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Tuesday, 3 December 2002
Page: 7064

Senator HARRADINE (10:05 PM) —by leave—I move amendments (6) and (12) on sheet 2751 revised:

(6) Clause 21, page 16 (after line 2), after subclause (3), insert:

(3A) The NHMRC Licensing Committee must not issue the licence if the use of human embryos, human embryonic stem cells or any product derived from human embryos or human embryonic stem cells, proposed in the application involves:

(a) the testing, creation or manufacture of any pharmaceutical or cosmetic product; or

(b) the manufacture of any pharmaceutical or cosmetic product.

(12) Clause 48, page 35 (after line 13), at the end of the clause, add:

(3) The regulations must include provision for labelling pharmaceutical and cosmetic products including the notification that human embryos or human embryonic stem cells have not been used in the testing, creation or manufacture of any pharmaceutical or cosmetic product.

I will be brief because the argument was made for the matter in principle just a moment ago. One of the reasons for this amendment to clause 21—and I hope it is supported—is that, rather than making it a straight-out offence, it does give authority and guidance to the NHMRC Licensing Committee. It really is an amendment to prohibit the NHMRC Licensing Committee from issuing a licence if the application involves the use of human embryos or human embryonic stem cells in the testing, creation or manufacture of pharmaceuticals or cosmetics. In the discussion that we had previously I gave the example of an institute bankrolled, if you like, by a drug company making an application to the licensing committee for the use of an ART embryo, or ART embryos. That drug company would then make the application and it would go through the institutional ethics committee of the drug company or its institute, and we have heard in the previous discussion that the information of its evaluation would not be publicly available.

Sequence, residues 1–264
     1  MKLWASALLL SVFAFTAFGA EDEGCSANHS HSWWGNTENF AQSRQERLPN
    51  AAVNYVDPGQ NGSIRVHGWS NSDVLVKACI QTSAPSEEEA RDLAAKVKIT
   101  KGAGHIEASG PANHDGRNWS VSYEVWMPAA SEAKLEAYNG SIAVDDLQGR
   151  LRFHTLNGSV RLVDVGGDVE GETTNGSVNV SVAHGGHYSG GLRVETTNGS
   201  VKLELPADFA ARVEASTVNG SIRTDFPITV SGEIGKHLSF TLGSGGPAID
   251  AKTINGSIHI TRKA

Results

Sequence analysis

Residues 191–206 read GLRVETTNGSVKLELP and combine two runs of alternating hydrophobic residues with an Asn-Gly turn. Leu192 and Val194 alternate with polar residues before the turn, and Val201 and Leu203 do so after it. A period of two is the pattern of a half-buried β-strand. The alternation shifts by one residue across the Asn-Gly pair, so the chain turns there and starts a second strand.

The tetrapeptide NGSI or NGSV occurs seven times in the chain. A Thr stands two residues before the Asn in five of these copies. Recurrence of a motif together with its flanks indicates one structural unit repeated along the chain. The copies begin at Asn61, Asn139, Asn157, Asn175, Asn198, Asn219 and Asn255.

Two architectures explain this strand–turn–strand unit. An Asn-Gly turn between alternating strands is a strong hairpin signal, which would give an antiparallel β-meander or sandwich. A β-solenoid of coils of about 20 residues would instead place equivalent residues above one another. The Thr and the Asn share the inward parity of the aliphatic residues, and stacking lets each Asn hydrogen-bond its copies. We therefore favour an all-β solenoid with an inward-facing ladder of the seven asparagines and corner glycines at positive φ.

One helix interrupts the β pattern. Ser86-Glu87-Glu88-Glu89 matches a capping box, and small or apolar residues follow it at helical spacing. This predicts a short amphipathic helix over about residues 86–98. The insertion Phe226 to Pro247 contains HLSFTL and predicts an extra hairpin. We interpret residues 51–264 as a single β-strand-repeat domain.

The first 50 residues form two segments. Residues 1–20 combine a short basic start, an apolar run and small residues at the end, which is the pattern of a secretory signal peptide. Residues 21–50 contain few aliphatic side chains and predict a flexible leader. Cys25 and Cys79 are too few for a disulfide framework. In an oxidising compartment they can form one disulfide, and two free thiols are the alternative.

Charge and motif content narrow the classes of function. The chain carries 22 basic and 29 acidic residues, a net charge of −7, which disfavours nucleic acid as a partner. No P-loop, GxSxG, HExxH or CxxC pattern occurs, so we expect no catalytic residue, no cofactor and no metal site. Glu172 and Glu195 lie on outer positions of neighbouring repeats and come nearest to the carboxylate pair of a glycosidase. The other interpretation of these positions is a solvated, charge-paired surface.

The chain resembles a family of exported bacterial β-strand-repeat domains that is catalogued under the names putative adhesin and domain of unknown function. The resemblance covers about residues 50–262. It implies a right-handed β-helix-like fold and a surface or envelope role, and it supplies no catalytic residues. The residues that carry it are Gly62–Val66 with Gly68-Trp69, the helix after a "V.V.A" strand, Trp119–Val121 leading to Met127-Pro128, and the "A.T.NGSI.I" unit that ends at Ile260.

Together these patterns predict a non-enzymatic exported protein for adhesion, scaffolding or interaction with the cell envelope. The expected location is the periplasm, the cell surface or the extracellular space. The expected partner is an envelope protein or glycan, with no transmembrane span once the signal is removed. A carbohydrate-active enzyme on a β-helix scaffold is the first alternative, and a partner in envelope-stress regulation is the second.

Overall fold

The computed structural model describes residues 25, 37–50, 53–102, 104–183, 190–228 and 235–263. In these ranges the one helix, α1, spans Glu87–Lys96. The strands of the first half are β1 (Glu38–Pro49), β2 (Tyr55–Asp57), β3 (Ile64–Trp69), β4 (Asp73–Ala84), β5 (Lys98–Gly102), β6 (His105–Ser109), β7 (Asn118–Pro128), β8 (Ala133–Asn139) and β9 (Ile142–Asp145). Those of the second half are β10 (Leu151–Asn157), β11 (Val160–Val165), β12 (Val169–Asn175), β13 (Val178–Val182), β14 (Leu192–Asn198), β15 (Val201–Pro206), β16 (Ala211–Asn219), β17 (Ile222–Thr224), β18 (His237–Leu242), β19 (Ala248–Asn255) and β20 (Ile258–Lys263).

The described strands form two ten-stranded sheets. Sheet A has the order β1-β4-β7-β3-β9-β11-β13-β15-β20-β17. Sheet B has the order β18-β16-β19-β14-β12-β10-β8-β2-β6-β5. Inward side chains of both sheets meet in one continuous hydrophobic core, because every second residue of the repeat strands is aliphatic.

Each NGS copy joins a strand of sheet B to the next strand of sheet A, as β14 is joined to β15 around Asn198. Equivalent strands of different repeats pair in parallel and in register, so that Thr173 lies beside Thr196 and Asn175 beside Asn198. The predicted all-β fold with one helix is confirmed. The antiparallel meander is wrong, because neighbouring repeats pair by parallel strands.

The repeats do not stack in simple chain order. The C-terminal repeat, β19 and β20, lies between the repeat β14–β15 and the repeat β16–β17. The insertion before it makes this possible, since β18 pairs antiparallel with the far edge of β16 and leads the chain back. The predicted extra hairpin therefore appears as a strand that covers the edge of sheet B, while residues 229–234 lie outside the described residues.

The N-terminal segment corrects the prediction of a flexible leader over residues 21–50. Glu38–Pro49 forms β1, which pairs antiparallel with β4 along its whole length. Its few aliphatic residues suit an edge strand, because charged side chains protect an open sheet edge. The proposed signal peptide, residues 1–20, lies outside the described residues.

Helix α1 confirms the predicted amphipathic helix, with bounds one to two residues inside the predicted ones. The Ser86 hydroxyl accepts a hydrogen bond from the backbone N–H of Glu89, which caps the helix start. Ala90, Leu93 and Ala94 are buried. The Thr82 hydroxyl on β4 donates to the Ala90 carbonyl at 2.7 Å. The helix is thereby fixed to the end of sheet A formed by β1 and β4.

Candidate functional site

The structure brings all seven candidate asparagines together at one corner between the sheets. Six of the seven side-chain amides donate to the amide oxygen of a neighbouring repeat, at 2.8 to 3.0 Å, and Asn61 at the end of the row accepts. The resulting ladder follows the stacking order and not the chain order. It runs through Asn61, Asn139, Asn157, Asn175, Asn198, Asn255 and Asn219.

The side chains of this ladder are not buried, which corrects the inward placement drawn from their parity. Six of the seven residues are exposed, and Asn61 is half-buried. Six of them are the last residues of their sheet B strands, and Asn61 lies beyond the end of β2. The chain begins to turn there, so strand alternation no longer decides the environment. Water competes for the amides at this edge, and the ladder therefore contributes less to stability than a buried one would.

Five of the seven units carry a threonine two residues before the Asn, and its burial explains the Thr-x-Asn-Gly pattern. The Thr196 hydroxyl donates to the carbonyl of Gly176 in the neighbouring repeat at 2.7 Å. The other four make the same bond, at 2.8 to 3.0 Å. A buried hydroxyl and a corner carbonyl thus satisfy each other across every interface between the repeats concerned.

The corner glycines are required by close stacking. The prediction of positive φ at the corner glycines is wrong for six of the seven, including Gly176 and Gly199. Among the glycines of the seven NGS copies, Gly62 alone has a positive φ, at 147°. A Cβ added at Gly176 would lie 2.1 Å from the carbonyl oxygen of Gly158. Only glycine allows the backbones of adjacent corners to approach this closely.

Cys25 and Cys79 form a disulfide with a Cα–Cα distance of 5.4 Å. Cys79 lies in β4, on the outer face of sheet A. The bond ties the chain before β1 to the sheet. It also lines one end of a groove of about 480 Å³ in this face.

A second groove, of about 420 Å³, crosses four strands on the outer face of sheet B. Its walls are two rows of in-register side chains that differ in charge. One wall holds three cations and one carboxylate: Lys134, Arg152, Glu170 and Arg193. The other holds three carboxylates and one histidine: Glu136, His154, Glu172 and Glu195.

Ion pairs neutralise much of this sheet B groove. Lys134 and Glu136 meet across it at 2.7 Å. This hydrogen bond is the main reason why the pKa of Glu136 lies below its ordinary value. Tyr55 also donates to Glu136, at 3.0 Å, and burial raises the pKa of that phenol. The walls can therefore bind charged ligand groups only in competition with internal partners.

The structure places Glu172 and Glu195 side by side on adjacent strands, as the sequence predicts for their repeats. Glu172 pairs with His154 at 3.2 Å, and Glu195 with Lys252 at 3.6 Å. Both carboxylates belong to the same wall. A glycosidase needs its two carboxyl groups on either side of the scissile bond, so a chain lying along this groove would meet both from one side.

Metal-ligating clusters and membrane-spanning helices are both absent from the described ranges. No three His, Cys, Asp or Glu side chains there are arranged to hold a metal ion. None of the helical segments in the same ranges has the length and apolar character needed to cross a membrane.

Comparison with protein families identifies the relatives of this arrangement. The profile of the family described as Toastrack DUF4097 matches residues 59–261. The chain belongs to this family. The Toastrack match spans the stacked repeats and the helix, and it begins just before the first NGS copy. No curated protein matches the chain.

Frankly, I believe that this is consistent with the COAG communique of 5 April 2002, which stated:

The Council agreed that research involving the destruction of existing excess ART embryos be permitted under a strict regulatory regime to enable Australia to remain at the forefront of research which may lead to medical breakthroughs in the treatment of disease.

The communique did not allow a broader range of research. It is not enough to just prohibit the use of human embryos in these activities; it is also important to prohibit the use of embryonic stem cells in this research. A prohibition restricted to human embryos would encourage the destruction of human embryos for their stem cells so that these stem cells could be used for much the same research.

Debate on the bill has shown that whatever support there is for destructive experiments on human embryos it is restricted to the production of embryonic stem cells to produce possible theoretical therapies for particularly intractable diseases. There is a range of other potential research uses for human embryos. Those involving pharmaceuticals and cosmetics appear to be the most likely due to their potential financial returns. These amendments are slightly different from the matter we just dealt with because this then hands it over to the National Health and Medical Research Council Licensing Committee.